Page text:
As the winter approaches, you can't wait to hit the slopes. You and your friends have tried almost every ski resort in Illinois, from Chestnut Mountain to Four Lakes Village. And you feel ready to try some of the easier black diamond terrain, or at least brush up your skills on the blue square runs.
But as you gather your poles, gloves, boots, and jacket, don't forget to bring your eye protection as well. Photokeratitis presents a real problem to skiers, snowboarders, and snowshoers alike.
What Is Photokeratitis?
Photokeratitis, snow blindness, arc eye, and flash burns are all common names for the same painful eye condition. Overexposure to the sun's ultraviolet rays (UV) damages the eye's cornea and conjunctiva, resulting in injury comparable to a sun burn.
Although photokeratitis often occurs when sunlight reflects off snow, it sometimes happens when the UV rays reflect off sand or water. If you stare too long at a solar eclipse without a specialized device, you may also suffer from photokeratitis.
What Symptoms Does It Cause?
Common symptoms for the condition include:
- Blurry vision
- Constricted (small) pupils
- Eyelid twitching
- Hazy vision
- Light sensitivity
- Migraines and headaches
- Seeing halos
But in rare, severe cases, you may experience temporary vision loss and color changes in your vision.
What Are the Best Ways to Prevent It?
Photokeratitis is entirely preventable when you wear adequate eye protection.
If you have gentler activities planned for the day, such as walking your dog or jogging around the block, you can wear sunglasses without worrying about photokeratitis. Your lenses will block a lot of the sun's UV rays that would otherwise hit your eyes straight on.
Ask your eye doctor for mirror-coated or polarized lenses made from glass or UV-proof plastic, as these shield your eyes more effectively than paler plastic alternatives.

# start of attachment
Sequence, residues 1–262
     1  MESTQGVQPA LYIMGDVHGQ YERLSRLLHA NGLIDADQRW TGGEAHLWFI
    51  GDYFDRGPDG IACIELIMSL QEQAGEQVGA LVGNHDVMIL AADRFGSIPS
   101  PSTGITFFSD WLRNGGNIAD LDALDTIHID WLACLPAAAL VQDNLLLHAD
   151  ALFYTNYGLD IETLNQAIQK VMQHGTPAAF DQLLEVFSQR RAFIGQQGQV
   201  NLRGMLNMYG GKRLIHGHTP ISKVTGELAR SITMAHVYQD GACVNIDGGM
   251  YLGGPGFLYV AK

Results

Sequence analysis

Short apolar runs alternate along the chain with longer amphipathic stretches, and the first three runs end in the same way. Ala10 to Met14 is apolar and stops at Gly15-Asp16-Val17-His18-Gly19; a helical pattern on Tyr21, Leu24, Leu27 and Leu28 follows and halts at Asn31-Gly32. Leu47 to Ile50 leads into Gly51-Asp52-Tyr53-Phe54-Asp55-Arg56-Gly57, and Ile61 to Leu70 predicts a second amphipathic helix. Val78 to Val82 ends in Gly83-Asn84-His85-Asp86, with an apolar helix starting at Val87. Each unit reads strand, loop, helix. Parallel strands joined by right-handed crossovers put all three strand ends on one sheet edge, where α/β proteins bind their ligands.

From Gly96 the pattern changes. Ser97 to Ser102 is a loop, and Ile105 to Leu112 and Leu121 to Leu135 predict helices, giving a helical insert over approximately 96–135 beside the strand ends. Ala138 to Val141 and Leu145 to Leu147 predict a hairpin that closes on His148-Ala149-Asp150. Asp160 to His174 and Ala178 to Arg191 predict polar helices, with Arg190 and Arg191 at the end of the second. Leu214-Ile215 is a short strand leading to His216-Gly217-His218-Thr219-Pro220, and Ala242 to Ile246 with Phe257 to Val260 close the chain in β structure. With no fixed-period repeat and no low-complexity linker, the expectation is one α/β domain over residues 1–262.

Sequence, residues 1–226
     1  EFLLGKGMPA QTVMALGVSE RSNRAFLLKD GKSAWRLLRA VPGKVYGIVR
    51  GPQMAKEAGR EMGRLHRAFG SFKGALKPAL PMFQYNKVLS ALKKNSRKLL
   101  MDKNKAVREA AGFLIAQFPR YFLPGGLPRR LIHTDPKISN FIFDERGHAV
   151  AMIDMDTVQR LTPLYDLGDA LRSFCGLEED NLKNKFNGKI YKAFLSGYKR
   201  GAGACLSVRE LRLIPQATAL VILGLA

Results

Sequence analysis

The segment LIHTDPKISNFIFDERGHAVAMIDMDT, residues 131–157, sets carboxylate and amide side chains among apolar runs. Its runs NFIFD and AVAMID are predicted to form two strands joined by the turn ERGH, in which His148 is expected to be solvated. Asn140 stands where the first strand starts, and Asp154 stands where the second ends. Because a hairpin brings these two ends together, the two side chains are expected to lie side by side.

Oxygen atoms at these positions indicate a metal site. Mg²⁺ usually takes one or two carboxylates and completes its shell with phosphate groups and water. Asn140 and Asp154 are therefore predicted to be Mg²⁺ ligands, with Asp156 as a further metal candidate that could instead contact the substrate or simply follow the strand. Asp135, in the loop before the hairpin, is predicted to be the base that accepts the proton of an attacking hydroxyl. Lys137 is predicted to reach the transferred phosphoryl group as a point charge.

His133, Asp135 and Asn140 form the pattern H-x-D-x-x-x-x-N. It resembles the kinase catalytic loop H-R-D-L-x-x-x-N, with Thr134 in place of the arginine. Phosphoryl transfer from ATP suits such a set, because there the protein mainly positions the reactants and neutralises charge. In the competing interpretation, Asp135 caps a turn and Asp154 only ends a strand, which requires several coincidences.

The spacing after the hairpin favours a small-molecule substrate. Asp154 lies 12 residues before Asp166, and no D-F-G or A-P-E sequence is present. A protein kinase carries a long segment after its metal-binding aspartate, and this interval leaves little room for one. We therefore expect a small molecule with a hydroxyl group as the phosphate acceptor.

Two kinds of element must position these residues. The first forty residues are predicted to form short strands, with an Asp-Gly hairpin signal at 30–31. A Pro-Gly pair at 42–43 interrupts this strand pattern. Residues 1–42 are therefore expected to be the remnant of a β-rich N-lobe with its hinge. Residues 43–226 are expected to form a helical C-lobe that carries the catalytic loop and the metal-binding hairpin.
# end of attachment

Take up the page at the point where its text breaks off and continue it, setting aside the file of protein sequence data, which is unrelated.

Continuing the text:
If you plan to spend a little more time in the snow, you'll want heavier-duty goggles. Glacier glasses fit much like sunglasses, but they often include features that block light from the sides of your eyes and near your nose. You can detach and reattach the extra features to accommodate changes in your environment. Furthermore, the lenses often rely on a porous materials that allows for air circulation between the lens and your eyes.
Snow or Ski Goggles
For intense outdoor adventures, you may want to invest in ski goggles. Ski goggles work best for windy, blizzard-like conditions. Like glacier glasses, they offer full eye coverage via polarized, mirrored lenses. But unlike glacier glasses, the goggles come in one piece, preventing ice and snow from sneaking under the lens.
What Should You Do If You Experience Photokeratitis?
If you were to lose or forget your sunglasses, you may see symptoms within six to twelve hours after overexposure. And the symptoms will vary in severity depending on how much time you spent in the sun.
Fortunately, photokeratitis symptoms typically fade on their own within a day or two. As soon as you notice the problem, remove any contact lenses you may be wearing and schedule an appointment. Your doctor can then examine your eyes to ensure no other permanent damage occurred.
Next, your doctor may give you additional advice for soothing your irritated eyes. The most common ways to relieve photokeratitis symptoms include:
- Applying eye drops or artificial tears
- Placing a cool washcloth over the eyes
- Taking recommended pain relievers
And since photokeratitis tends to cause sensitivity to light, you may wish to spend the next few days in a dark or dimly lit room. If symptoms persist, seek additional care from your eye doctor.
When you take adequate care of your eyes, you won't have to miss any more days on the slopes.